The National Motor Freight Classification (NMFC), as
determined by the Surface Transportation Board (STB), is the tariff system that
has classification and description of commodities based on four main
characteristics. These are density of the commodity, liability, handling and
storability of the commodity. Carrier companies negotiate the rate and terms of
transporting the commodities on the basis of these four characteristics. It is
important to mention that product density is the dominant factor that
determines use of carrier’s vehicle and cost per hundredweight. Higher product
density results in lower cost per hundredweight but higher capability of
hauling product weight. A lower density of commodity results in high cost per
hundredweight and lower capability of weight haulage.


The type of inter-modal and intra-modal opposition in the
motor carrier industry has transformed over a certain period over the last five
decades. The motor carrier industry is composed of truckload (TL) and less than
truckload (LTL) motor carriers. There has been an increment in the
concentration among LTL carriers (ton miles as concentration measure) but
decrease in number of firms. This means intra-modal competition in LTL motor
carrier segment has increased. The 1980 Motor Carrier Act enhanced the
competition in the LTL industry. The deregulation of the motor carrier industry
increased as the rate competition between intra-modal motor carriers.
Intra-modal competition in both TL and LTL industry segments has resulted in
few large firms hauling bulk of the tonnage. The intra-modal competition has been
required for intermodal transport carriers to make specific partnerships to
help gain industry-wide advantage over the rival firms in the area operating
with same business plan. With the Inter-modal in place, it has certain partnership
agreements with other railroads that have been signed to help provide better
services and cost advantages compared to the other intra-modal competitors in the
motor carrier industry. During 1980, the TL motor carriers fared quite well. These
companies include J.B. Hunt, MS Carriers and Werner. There was 30% to 40%
annual increment in their revenues during 1980s. For instance, J.B Hunt’s
revenues at the start of 1980 was around $25 million but increased to $732
million starting 1991. MS Carriers increased from $35 million in 1980 to $152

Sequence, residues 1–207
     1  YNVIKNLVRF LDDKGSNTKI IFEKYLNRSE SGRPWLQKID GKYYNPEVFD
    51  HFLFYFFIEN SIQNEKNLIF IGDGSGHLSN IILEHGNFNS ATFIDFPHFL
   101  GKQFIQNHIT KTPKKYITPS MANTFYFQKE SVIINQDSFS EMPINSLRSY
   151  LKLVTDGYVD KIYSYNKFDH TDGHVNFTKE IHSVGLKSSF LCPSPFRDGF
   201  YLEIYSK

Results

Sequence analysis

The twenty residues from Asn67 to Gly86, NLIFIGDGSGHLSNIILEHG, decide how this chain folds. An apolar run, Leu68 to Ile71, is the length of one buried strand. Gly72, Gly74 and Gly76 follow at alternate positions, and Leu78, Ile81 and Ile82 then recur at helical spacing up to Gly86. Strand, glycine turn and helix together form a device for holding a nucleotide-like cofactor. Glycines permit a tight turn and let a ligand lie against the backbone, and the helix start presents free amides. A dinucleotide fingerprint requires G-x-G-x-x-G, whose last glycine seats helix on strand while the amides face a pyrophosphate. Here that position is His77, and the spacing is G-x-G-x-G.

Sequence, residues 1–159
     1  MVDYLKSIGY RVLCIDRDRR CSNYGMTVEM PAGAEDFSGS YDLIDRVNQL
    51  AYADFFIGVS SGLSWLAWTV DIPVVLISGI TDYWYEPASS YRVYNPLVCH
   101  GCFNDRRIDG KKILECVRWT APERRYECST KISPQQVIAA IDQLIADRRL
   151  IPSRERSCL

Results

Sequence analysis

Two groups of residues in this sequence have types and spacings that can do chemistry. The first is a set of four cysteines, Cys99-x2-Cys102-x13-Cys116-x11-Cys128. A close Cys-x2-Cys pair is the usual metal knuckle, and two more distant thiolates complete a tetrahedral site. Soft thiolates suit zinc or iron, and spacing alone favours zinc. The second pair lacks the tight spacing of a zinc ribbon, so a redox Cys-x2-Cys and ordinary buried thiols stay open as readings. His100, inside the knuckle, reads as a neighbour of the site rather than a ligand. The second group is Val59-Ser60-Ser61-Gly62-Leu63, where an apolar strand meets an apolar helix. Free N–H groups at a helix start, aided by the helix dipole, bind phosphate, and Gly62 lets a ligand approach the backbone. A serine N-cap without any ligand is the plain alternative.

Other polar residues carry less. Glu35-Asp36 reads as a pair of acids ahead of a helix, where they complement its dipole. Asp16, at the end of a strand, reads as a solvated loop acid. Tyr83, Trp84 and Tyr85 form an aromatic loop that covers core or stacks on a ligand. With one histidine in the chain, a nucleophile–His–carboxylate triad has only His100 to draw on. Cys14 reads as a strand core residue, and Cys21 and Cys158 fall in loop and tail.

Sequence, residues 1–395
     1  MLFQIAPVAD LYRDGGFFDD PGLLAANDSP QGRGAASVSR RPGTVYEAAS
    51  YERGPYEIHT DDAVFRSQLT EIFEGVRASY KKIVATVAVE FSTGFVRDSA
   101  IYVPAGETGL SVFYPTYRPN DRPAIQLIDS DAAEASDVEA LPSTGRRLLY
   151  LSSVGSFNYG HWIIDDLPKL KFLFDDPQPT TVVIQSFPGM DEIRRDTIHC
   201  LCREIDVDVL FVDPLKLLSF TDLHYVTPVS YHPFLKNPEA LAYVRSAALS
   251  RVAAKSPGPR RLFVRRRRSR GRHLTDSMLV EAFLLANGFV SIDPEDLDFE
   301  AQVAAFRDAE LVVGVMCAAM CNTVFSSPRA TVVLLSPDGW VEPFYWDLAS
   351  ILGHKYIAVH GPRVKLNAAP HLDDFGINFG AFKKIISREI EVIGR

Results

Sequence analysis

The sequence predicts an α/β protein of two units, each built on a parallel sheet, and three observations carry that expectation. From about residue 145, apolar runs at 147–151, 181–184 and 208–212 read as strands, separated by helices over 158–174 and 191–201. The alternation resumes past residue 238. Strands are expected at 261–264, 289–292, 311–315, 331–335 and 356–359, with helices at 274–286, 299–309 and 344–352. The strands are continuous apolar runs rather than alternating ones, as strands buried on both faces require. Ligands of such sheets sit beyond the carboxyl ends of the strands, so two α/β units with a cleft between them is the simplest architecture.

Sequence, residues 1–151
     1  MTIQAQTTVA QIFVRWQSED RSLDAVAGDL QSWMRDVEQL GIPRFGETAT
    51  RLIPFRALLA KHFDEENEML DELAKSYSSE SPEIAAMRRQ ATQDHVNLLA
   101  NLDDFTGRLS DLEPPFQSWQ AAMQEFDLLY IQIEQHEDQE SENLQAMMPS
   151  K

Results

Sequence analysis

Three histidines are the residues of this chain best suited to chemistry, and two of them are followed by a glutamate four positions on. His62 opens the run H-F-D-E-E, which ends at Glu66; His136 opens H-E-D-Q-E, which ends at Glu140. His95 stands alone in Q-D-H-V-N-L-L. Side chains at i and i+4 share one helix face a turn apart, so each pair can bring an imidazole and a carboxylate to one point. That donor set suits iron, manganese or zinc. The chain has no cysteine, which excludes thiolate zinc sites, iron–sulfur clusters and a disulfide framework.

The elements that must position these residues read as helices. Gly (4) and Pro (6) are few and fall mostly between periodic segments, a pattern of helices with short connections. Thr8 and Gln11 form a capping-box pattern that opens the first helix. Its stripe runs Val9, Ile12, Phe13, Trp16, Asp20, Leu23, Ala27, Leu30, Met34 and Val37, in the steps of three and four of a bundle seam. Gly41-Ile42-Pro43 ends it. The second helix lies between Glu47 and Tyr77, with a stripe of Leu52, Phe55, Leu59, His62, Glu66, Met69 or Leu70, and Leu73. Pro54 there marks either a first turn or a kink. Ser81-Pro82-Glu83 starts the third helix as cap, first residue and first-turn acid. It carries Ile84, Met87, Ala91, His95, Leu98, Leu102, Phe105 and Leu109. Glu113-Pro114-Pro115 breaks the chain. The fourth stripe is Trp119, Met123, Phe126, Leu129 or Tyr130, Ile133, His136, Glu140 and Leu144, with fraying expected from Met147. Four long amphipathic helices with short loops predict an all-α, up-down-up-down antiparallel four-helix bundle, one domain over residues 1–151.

million in 1991. During 1980s, TL segment of the motor-carrier industry rapidly
outgrew other segments such as LTL, rail boxcars, and long-haul private fleets.

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The major reason of railroads abandoning significant number
of miles of track (over 260,000) has been the rapid inter-model transportation
competition. Since the gradual deregulation of railroad industry, the two major
industry segments in motor carrier transportation have been truck load (TL) and
less-than truck load (LTL) industries. TL and LTL industry segments have
rapidly developed after the US government reregulated the transportation
industry. There has been an increasing competition of rail boxcars with
trucking industry. The improvement of water ways carried out by the engineering
corps of the U.S army has also led to increased competition between inter-modal
transportation carriers. The trend is likely to continue as TL and LTL industry
segments continue to expand their operations thus making the transportation
industry more competitive for railroad providers. The developing of highways
and freeways has led to decrease in price structures of TL and LTL industry


Air carriers use all three factors i.e. value of goods,
density, and weight of the shipment in order to price their services. The air
carriers take into consideration both the volume and the weight of the shipment
as measure to determine the relative price of service. Air carriers use
dimensional weight, a technique that takes into consideration the length,
height and breadth of shipment. This is the general practice because low
density (shipment having lower weight compared to their other dimension such as
height and length) cargo becomes unprofitable for air-carriers. Air carriers
also determine transportation price through determination of value of goods.
High value goods such as diamonds, consumer electronics, and perishable
commodities have higher rate of transportation because special care for
transportation and timely delivery is required.


The water carriers did play an important role during 18th
and 19th century because there was strict regulation enforced by the
government. There was no inter-modal competition and there were no alternatives
available for transporting commodities and materials. During the 20th century,
the relative position of water carriers has decreased due to the emergence of
air cargo and trucking industry that can effectively transport with more
efficiency compared to the water carriers. The importance of water carriers is
still vital in the developed and developing economies. Large-scale bulk
transportation and long-haul carriage requires the services of bulk carriers
such as very large crude oil carriers (VLCCs) and ultra large crude oil
carriers (ULCCs). Dry bulk carriers are used to transport large volumes of
grain and other commodities. The importance of water carriers in transportation
sector will remain primary, as the importance of crude oil and commodities is
primary for the development of economies.


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